“While an SRO is essential, school safety requires collaboration between multiple agencies and parties. No single group or person, including an SRO, can effectively improve safety alone. We urge involvement by parents, cafeteria staff, janitorial staff, counselors, nurses and even students, as appropriate.”
Are SROs trained to deal with armed assailants?
Yes. NASRO provides specialized training to SROs on how to properly respond to an active shooter in a sound way. And while NASRO designed the training for SROs, the organization offers it to all law enforcement officers. The tactics that NASRO teaches would also be effective with armed assailants in other settings, such as shopping centers, offices, etc.
How many schools have SROs? Do elementary schools have them?
SROs are not that common in elementary schools. NASRO has 5,000 members who are SROs and there are many more SROs across the nation. We estimate that there are approximately 10,000 school-based police officers across the country.
Can parents get involved in school security?
NASRO recommends that every school have a security team that includes school administrators, teachers, cafeteria staff, janitorial staff, counselors, nurses, students and parents. Here are some ways parents can be involved:
•Ask for a town-hall style meeting on security. Such meetings allow interested parties to voice concerns, get questions answered, examine new issues, etc. These meetings should occur on a regular basis, not just in response to recent tragedies.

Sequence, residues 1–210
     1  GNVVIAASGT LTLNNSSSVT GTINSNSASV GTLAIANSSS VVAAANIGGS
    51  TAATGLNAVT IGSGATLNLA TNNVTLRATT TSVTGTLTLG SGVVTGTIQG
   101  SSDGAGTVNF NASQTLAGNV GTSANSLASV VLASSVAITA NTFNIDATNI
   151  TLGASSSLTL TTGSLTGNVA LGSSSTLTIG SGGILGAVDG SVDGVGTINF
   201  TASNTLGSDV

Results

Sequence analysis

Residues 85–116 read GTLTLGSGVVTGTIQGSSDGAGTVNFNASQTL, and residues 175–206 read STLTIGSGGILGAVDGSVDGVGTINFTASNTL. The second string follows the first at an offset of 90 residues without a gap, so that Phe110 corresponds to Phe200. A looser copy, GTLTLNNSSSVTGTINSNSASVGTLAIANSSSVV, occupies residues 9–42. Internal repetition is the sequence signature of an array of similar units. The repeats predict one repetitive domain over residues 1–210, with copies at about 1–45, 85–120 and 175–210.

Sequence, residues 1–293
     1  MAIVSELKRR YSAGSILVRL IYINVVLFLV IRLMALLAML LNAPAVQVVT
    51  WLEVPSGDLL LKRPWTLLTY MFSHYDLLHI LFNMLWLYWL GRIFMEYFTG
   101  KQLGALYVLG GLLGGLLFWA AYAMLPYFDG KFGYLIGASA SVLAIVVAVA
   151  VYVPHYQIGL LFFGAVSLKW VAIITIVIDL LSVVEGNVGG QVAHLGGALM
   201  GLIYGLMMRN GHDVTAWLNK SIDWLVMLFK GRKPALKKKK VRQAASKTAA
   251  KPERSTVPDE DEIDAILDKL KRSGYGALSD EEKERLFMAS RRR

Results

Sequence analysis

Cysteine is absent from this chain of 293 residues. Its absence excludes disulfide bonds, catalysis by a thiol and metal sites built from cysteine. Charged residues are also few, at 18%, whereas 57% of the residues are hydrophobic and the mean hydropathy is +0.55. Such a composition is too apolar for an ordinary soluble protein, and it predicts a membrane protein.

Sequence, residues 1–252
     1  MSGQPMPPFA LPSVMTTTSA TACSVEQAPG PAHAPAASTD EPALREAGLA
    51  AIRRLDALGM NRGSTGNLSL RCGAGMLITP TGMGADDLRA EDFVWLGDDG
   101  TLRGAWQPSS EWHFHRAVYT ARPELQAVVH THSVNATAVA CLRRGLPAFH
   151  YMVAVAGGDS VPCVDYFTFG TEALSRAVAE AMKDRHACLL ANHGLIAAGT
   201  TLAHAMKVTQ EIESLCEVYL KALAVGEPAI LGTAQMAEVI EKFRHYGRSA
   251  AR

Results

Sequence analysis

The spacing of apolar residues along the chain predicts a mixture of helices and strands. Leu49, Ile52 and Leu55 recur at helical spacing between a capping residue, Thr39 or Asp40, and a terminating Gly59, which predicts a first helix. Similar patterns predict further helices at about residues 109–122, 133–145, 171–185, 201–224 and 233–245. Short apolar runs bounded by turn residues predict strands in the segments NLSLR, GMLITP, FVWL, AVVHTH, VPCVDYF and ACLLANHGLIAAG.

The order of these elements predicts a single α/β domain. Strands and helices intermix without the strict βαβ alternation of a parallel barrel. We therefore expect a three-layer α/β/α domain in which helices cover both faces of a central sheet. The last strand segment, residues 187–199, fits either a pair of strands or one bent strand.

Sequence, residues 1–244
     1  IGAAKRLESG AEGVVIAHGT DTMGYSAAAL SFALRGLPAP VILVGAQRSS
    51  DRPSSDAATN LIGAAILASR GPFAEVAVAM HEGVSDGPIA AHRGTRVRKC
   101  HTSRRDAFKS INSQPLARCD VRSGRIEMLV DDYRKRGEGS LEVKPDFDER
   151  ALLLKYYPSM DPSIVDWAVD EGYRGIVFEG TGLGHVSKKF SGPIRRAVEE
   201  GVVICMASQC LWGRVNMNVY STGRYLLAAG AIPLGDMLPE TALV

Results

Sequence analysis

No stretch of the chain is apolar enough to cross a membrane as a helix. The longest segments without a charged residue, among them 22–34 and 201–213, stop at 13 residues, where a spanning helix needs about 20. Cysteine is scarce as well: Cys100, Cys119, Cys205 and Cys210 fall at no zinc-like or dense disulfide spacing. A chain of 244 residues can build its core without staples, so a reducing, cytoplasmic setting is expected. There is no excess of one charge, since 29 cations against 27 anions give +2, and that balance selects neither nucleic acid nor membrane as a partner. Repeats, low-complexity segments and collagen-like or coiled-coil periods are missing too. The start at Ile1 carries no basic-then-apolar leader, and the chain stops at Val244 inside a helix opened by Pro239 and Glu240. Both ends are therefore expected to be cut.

•Gain an understanding of the security policies at your school. Find out if parents were involved in designing the policy.
•Consider serving as a parent member of the security team to help with policies.
•Get to know your school’s SRO, if the school has one.
•If you don’t have an SRO, work with your school’s administrators on ways to get funding for an SRO.
Will the Connecticut school shooting be a catalyst for change, in the same way school security changed after the campus rampages that occurred between 1993-1999?
NASRO hopes so. School security procedures have limitations. Not every school can implement every option that is available. Schools must be safe havens, not prisons, so each school must find the right balance. But we must protect every school from violence in all of its forms. This includes children who bring weapons to school, violent attacks from outsiders, theft, drugs, bullying, etc.
There were 33 school-associated violent deaths during the 2009-2010 school year. In 2010, among students ages 12 to18, there were approximately 828,000 nonfatal victimizations at schools, including 359,000 victims of violence.
In 2009-2010, 74 percent of public schools recorded one or more violent incidents.
In 2009, 5.6 percent of children nationwide carried a weapon onto school property on at least one day in the 30 days prior to the survey.
Nationwide, 17.5 percent of students had carried a weapon (e.g., a gun, knife, or club) on at least one day during the 30 days before the survey.
–From Maureen Downey, for the AJC Get Schooled blog